The beauty in the technological advances that have taken place over the past few decades is that bands like Sonic X can record an EP like Fall From Grace without the financial backing of a label. That they can deliver a sound that is as good (or better) than albums that once cost hundreds of thousands of dollars to record is a testament to how far the recording process has come. The curse is that, in an ever-shrinking industry, this is a band that faces an uphill battle to get the recognition that they so richly deserve.
Twenty years ago, this incredible, four-song EP would have created a bidding war by major labels looking for the next big thing. Fast forward to today, and Sonic X falls into the burgeoning category of “DIY band” looking to catch a break on radio or landing an opening slot with an established band. Money and politics are likely the biggest obstacle for the former; not wanting to be upstaged may very well be the biggest obstacle for the latter, as Sonic X is going to force anyone that they open for to bring their “A-game” on a nightly basis.
Fall From Grace is one of the rare recordings that bridges the gap between the glory days of 80s hard rock and the modern sound that is prevalent on Active Rock radio today. Powerful, driving rhythms (courtesy of bassist, Joseph Cumbo and drummer, Joey Greco) set the tone for each of the songs on the EP. As the intensity builds from track to track, you get the feeling that Sonic X could have easily veered off into a melodic, frenzied thrash direction if they wanted to, but instead, chose to showcase a tight precision that is usually reserved for top prog rock artists.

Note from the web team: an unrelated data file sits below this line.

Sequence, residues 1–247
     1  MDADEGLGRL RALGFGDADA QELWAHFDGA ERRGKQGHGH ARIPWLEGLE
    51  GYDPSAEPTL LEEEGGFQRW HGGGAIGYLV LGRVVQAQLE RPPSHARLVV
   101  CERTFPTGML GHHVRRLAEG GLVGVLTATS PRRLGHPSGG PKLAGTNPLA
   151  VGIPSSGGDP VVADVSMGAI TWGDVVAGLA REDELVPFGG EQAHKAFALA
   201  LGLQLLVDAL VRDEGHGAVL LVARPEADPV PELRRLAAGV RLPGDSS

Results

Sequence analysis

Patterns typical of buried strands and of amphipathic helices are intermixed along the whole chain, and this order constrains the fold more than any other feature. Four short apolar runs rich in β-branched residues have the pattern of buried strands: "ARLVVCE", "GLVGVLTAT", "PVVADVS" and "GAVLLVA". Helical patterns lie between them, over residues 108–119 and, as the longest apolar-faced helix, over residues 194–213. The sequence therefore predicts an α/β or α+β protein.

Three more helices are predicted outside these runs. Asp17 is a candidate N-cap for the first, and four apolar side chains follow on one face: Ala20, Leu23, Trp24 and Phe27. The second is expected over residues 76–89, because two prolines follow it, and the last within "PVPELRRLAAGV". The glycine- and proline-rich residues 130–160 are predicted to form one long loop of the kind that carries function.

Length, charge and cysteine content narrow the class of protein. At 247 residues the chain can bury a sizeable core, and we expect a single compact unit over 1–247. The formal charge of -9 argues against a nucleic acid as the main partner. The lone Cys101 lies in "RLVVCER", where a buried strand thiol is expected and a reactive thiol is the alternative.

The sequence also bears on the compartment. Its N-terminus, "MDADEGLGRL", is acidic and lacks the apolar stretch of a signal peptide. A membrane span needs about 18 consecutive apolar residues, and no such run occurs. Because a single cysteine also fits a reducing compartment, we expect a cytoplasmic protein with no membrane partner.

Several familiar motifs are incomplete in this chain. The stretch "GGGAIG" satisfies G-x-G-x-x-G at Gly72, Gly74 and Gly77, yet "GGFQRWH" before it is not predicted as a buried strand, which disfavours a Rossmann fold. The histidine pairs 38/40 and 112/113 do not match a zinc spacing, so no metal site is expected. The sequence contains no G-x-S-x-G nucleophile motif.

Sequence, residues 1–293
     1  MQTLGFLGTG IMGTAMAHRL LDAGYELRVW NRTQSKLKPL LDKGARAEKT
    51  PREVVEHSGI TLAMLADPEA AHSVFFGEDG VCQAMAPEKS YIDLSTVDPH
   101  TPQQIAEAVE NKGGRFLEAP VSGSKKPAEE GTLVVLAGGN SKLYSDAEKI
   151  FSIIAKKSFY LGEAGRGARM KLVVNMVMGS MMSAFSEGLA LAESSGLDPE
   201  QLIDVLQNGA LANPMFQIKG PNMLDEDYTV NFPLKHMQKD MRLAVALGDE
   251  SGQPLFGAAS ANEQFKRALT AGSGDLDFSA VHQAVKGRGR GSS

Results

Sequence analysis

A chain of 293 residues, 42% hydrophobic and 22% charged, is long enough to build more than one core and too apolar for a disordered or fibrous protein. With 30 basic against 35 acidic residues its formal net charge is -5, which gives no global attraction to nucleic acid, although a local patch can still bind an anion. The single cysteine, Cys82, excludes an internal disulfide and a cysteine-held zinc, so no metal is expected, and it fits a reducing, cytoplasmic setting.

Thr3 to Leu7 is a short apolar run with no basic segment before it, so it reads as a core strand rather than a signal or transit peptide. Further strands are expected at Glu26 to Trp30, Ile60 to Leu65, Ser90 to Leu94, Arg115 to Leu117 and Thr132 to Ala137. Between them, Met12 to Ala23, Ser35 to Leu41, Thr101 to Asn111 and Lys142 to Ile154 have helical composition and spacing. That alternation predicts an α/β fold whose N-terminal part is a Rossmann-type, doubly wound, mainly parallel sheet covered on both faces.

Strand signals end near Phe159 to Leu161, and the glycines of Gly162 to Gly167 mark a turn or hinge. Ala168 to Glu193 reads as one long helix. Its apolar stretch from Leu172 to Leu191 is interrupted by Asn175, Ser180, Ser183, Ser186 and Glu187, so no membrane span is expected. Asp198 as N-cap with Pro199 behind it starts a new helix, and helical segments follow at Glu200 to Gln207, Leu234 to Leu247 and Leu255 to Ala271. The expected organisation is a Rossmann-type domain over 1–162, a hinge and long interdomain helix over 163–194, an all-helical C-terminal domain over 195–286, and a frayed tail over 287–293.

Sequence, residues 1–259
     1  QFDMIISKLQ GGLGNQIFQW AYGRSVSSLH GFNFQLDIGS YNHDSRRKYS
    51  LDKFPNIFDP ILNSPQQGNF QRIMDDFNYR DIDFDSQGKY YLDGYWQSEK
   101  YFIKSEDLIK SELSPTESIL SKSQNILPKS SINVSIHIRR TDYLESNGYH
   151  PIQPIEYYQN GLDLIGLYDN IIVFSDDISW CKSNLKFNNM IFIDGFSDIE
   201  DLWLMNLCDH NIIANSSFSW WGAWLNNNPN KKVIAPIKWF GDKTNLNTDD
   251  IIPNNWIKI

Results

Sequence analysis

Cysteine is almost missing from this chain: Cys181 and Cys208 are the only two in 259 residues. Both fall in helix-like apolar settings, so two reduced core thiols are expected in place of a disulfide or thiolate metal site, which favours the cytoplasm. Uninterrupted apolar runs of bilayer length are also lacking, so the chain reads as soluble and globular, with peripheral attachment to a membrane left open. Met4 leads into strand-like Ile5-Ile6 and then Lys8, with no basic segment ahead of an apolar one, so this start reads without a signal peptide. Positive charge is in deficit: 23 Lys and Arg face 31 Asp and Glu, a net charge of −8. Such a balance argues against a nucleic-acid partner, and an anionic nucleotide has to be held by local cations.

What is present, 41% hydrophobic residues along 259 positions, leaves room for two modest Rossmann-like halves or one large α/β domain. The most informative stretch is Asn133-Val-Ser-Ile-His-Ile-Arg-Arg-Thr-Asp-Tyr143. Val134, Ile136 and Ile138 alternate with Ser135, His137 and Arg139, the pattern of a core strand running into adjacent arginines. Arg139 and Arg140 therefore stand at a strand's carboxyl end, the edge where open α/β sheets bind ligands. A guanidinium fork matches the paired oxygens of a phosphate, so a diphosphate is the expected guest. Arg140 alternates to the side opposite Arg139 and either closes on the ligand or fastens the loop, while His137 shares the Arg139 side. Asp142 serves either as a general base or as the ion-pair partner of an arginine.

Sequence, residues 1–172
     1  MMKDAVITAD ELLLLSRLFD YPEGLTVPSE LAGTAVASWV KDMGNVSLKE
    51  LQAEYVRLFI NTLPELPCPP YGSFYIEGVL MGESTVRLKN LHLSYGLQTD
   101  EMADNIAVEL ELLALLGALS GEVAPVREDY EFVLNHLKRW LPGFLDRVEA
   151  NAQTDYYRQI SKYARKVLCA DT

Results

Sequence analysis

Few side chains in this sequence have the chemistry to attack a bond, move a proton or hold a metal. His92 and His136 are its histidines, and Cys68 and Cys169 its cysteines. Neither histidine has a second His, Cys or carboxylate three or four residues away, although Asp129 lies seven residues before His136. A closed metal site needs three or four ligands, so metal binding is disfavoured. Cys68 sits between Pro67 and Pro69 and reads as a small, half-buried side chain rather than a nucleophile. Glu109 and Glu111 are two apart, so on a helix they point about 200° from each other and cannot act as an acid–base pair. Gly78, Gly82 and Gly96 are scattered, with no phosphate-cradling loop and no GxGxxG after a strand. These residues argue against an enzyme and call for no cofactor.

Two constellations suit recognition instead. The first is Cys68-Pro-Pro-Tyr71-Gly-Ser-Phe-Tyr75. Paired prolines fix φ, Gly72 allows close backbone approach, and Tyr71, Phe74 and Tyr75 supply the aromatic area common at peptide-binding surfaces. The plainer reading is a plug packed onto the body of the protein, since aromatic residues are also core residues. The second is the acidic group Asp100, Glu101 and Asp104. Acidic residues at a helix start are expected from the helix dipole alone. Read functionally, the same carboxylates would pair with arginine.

Lawrence Falcomer’s brilliant guitar work goes beyond pure shredding (although there is plenty of it tastefully displayed throughout the EP). Falcomer – with contributions from Greco – is also the production mastermind behind the band’s sound, which is sonically superior to what many big budget bands deliver; something that is totally unexpected from a DIY band’s debut EP.
Adam Troy’s ability to blend shades of classic Sebastian Bach with the modern edge of Adam Gontier (Saint Asonia, ex-Three Days Grace) should, by all rights, get him mentioned in the same breath with the top vocalists in the genre today. Wearing his emotions on his sleeve, Troy channels anguish and rage into his impassioned delivery as he breathes life into lyrics that clearly hit close to home.
After several listens to Fall From Grace, here are a few takeaways. The first is that the EP gets better with each listen. The second is that there are layers to each song that are best discovered by listening through headphones. And the final takeaway is that Sonic X should record a full-length album sooner rather than later. Fall From Grace ends too quickly, and leaves you wanting more.
Stay tuned for more coverage of Sonic X on Hard Rock Daddy in the near future.